Matthew Dickman – Poetry’s Wingman
If there was ever a man to bring poetry to the people, encourage politicians to meet halfway, or change the world through words, it is Portland poet Matthew Dickman. The man possesses a life force that is palpable even in a room crammed with hundreds of people, crying babies, and the last gasps of a warm fall Portland evening.
Last night, Dickman wasn’t just reading from his new book Mayakovsky’s Revolver, he was living each poem before our eyes and ears. He invited the hundreds who showed up for this event to look deep into his heart and soul, watch him wrestle with his demons and memories, get delivered from their grasp, and laugh out loud.
When’s the last time you heard hoots and whistles at a reading? There were plenty last night. It was rock concert-worthy appreciation for poems that explore the issues of Dickman’s older brother’s suicide, how to love what you cannot understand, and lessons in celebrating the dark.
To read Mayakovsky’s Revolver is to experience life in all its lightness, darkness, and everything in between. His words are booster rockets for the light, and a balm against the dark. His poetry makes the world seem less scary by shining a light on the chasms beneath our feet. We are alone, but somehow we are alone together. Matthew Dickman is a wingman for survival, love, and most of all, poetry.
“Poetry is always an advocate for us because it advocates humanity, it advocates true sincere empathy, and it advocates intelligence and creativity, which then advocates for a world that is okay for us to live in. I know this probably is not possible today, or tonight, but I want you to think about it over this next week, but if all of you, this evening or at some point, could come back to Powell’s Books and buy a book of poems. Any book of poems you like. Mail it to a family member, mail it to a friend, mail it to a senator, someone who you think doesn’t read poems. Take a moment to advocate for poetry itself, and advocate for bookstores like this one.”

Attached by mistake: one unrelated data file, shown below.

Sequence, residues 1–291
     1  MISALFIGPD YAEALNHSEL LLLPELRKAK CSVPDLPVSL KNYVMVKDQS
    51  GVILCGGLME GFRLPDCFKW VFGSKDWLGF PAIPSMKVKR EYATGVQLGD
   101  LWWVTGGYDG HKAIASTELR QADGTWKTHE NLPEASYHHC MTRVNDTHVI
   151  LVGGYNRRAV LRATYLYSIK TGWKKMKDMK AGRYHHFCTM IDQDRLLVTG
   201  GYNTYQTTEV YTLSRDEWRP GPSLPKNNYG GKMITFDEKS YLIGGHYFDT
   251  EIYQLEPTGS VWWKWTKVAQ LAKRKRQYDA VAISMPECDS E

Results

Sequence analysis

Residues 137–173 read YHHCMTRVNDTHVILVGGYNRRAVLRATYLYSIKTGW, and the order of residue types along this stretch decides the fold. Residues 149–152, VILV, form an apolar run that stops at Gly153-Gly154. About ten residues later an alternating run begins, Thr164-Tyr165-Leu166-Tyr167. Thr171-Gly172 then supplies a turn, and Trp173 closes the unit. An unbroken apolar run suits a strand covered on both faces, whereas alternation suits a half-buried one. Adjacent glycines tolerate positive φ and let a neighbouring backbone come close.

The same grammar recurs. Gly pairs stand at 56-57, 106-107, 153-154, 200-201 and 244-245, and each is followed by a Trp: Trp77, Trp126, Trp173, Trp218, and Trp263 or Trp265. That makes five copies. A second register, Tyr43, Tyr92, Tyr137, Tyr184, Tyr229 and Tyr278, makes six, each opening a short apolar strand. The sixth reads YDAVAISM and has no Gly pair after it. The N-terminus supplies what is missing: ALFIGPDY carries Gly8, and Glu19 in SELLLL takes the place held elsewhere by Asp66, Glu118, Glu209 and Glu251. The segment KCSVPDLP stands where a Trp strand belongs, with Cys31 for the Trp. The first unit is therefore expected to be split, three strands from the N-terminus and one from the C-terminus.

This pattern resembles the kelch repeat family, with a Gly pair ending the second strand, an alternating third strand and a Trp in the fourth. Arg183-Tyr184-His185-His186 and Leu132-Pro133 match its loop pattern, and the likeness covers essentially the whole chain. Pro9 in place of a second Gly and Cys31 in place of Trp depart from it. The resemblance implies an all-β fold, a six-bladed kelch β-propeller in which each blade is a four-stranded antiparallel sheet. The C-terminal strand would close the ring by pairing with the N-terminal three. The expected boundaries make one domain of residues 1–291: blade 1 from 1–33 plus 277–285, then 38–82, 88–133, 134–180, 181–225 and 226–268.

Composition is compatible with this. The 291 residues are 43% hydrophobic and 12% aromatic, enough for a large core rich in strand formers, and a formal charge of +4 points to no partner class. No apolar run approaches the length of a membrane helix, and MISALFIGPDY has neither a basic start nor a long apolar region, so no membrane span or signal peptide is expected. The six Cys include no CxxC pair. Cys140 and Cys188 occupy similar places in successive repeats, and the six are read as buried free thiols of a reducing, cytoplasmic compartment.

About his writing process:
“I don’t think we ever have to be inspired to write. I think the muse is maybe something the Republican Party invented. It’s just me in my head trying to figure out myself, in a way. It usually comes out in this unedited stream of consciousness kind of thing. Although I am educated–I did an undergrad program for eight years–and having gone through that, I feel like I’m a little naive about the critical side of my brain. I’m sort of like trying to monkey some stuff onto the page, and then deal with whatever comes up.”
What he would do if he were asked to write a poem for the inauguration if Mitt Romney wins:
“If I were asked to write a poem for a Republican or conservative event, absolutely I would say yes. I think the only way we’re changed is by experiencing art. I think that is the deep way we’re changed, you know. I mean, again, if everyone in this room bought a book of poems and sent it to someone who had different political views than they did, someone who they thought was right wing, conservative, whatever, and you sent them the book of poems, and you said ‘Look, I’m a human being. This book of poems affected me, and changed my life. I want to share it with you.’ Without any propaganda on your part, without any ‘you suck, read a poem.’ Then, if that human being who received it actually sat down and read it, it would be way more powerful than many, many, many other ways to get to that person’s heart.”
Listen to Matthew Dickman reading last night from his poem, Getting It Right.
Matthew Dickman is the author of All-American Poem (2008), and is the winner of the May Sarton Award from the American Academy of Arts & Sciences, the 2009 Oregon Book Award for Poetry, and received the Kate Tufts Discovery Award. With his twin brother, the poet Michael Dickman, he is the co-author of 50 American Plays. His work has appeared in The American Poetry Review, Tin House, and The New Yorker. He lives in Portland, Oregon.